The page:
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One of the most influential features of a presentation or a training session is the way the seating is arranged in the room…yet it’s remarkable how many people leave the issue of seating arrangements to chance. A well-arranged room creates the foundation for training and can remove distractions and powerfully influence the effectiveness of the training.
I’m a little pedantic about preparing a room in advance. I like my participants to feel a sense of anticipation when they enter the room and it also helps me to feel calm and prepared. I usually use one of three seating options: Café Style, U-Shape or Lecture.
1) Café Style Seating
A café style seating arrangement is where participants are seated around small tables with the trainer located at the front of the room. It’s great for small group work that requires a lot of interaction and discussion.
In a nutshell
- A café style seating arrangement is more informal and generates discussion.
- Participants can work in small groups and then return to the whole group.
- The trainer moves between groups during lectures and activities.
- The trainer can circulate easily and focus on smaller groups as well as the group as a whole.
- There may be visibility issues for some people in the room.
- This style of seating can encourage side conversations and perhaps lack of attention.
2) U-shape Seating
As the name suggest, the U-shape seating arrangement features a number or rectangular tables set up in the shape of a ‘U’ with participants seated around the outside. This set up is ideal for small to medium groups and puts the trainer at the front of the room (in the middle of the U) or at one end of the U.
In a nutshell
- The U-shape seating arrangement encourages whole group participation.
- It is good seating for trainer/participant contact.
- There is good visibility for participants, although participants may feel a little exposed.
- Seating can take up quite a bit of space for the number of people involved.
3) Lecture Style Seating
The lecture style seating arrangement is best used for formal presentations to larger groups when you want to maximise the space in a room. Chairs are placed in rows and face the front. There are no tables.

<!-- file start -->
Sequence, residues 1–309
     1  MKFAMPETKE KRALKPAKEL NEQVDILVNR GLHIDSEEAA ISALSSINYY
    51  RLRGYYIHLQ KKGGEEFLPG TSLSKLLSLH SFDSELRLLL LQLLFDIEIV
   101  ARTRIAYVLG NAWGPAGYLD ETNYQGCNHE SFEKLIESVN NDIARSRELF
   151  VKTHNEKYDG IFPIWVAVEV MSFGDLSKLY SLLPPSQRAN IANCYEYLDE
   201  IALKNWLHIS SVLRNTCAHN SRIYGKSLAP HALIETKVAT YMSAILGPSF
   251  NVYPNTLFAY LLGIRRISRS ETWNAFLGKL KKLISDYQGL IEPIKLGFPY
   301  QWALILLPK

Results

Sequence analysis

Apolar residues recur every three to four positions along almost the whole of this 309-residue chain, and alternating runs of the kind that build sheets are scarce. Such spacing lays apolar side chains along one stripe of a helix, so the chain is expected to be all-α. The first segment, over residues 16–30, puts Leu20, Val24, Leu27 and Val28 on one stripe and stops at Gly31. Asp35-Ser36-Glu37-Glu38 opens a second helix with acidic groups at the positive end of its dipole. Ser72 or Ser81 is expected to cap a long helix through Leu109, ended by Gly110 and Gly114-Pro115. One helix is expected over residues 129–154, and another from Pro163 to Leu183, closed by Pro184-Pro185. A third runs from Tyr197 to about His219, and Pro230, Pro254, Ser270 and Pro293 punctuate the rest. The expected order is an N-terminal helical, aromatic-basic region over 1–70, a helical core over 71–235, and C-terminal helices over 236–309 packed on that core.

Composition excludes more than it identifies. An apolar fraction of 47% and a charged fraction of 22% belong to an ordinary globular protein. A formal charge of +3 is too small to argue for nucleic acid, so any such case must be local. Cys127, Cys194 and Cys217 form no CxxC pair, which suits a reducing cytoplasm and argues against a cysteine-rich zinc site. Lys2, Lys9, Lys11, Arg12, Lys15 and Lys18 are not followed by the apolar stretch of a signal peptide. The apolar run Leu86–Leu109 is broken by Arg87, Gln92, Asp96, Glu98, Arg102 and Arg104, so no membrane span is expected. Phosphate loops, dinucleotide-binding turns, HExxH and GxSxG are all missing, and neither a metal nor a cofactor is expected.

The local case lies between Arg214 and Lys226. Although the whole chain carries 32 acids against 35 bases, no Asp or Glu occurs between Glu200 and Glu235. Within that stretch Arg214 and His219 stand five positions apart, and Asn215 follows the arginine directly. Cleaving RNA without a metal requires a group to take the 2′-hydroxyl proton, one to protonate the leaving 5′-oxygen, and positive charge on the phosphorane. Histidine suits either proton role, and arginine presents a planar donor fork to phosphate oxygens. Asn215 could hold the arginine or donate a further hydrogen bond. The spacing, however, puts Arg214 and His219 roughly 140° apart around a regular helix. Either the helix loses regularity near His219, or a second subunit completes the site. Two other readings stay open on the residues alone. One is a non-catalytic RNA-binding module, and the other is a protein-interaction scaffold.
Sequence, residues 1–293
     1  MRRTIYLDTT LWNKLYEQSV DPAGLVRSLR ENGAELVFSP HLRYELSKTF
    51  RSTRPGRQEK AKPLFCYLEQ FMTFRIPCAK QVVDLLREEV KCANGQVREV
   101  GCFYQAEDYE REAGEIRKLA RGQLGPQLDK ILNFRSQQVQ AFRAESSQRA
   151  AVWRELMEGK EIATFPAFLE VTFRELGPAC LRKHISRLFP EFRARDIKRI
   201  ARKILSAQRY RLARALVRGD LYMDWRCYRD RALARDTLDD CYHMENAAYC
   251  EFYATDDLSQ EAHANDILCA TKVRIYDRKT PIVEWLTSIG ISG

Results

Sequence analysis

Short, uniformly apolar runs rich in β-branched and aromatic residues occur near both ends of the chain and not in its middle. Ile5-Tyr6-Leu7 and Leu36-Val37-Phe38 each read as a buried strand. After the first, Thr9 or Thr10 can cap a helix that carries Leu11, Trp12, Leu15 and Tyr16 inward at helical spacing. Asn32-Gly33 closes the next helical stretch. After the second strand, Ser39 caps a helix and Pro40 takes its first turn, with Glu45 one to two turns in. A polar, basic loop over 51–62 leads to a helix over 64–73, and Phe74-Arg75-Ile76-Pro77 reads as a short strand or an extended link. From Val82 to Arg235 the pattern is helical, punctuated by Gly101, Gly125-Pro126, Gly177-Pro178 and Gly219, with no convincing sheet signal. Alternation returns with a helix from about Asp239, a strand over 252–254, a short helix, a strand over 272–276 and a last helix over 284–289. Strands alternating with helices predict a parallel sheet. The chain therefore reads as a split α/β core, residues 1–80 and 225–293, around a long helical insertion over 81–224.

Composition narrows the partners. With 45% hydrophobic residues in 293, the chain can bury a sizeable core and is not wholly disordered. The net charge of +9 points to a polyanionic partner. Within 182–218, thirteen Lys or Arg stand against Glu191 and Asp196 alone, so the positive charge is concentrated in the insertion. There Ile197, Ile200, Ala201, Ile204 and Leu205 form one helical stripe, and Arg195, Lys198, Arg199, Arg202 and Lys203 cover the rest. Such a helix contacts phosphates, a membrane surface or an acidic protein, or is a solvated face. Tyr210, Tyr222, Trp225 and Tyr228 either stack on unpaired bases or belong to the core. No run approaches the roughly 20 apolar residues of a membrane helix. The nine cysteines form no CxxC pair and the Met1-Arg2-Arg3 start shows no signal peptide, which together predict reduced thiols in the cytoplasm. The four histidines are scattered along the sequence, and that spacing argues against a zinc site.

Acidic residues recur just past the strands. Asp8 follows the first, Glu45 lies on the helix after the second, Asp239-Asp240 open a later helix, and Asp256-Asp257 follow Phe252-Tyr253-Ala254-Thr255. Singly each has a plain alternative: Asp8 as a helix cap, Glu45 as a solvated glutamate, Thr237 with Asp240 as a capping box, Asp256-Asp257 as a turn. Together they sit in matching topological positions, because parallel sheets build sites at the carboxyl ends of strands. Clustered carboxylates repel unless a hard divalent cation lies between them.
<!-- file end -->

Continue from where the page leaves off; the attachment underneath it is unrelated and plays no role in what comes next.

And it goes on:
In a nutshell
- Great set up for lectures that are being presented to large groups.
- Good for audio-visual displays.
- Reduces interaction as communication is mostly one way.
- The trainer may have difficulty viewing the participants in the back rows.
- There might be visibility / sound issues in the back rows.
- Note-taking can be difficult for participants.
- People in the back rows will be less likely to participate than those in the front.
So how do you select a suitable seating arrangement?
Consider the following factors:
- The size of the group and the size of the room.
- The type of content ie does it involve group work or audience participation?
- Are there participants with special needs (mobility, seeing, hearing)?
- The furniture that is available to you.
- Any audio-visual requirements and other teaching aids such as posters, flipcharts etc.
But above all, the most important factor is not to leave seating to chance!
Every day I assist people with their presentations and I’m often asked how many slides they should have. The answer to this question is simple….as many as it takes. It might be necessary to linger on a slide for a while or rapidly progress your slides to keep up with your verbal content. Given that there should only be one key message per slide, you should use as many slides as necessary to visually support your speech.
Slides should be illustrating or reinforcing the point that you are making, and should therefore be relevant to what you are saying. Imagine a newsreader telling an audience about bush fires. The newsreader would be supported by an image on the screen behind their shoulder relating to the fires. If the next story relates to stock market prices, it would be confusing for the audience to be viewing an image of bush fires while they’re talking about shares. The same principle applies to your presentations.
It comes back to the very first principle of presentation design…content comes before slides. Once you have your key messages identified and incorporated into a well-crafted speech, you are then in a position to think about what slides should reinforce your message.
Ice breakers are an essential tool in any trainer’s toolkit. They’re short, structured activities that are used to ‘break the ice’ in meetings or facilitation groups. Well-designed ice breakers are great for:
• Reducing tension
• Energising and motivating a group
• Helping people become more engaged in the proceedings
• Getting to know the other participants
• Creating a relaxed learning environment
• Generating conversations
• Creating a climate of participation
By the same token a badly designed ice breaker can go down like a lead balloon.
So what makes an ice breaker work? The activity must be thoughtfully selected, appropriate for the group, tailored to the audience and the duration of the ice breaker should be proportionate to the length of the session.
Over the coming weeks, I will be featuring some unique ice breakers that have worked well for me in different settings. Do you have any tried and tested ice breakers to share? If so, I’d love to hear from you.
I’m pleased to launch this blog by sharing my ideas on great slide design on Slideshare. This is the first time I’ve displayed my work publicly and I’d love you to check it out.
In addition to tips on slide design, my blog will feature posts on making great speeches, training materials, icebreakers, handouts and lots more. If you subscribe, you won’t miss a post.
Thanks for visiting and happy viewing.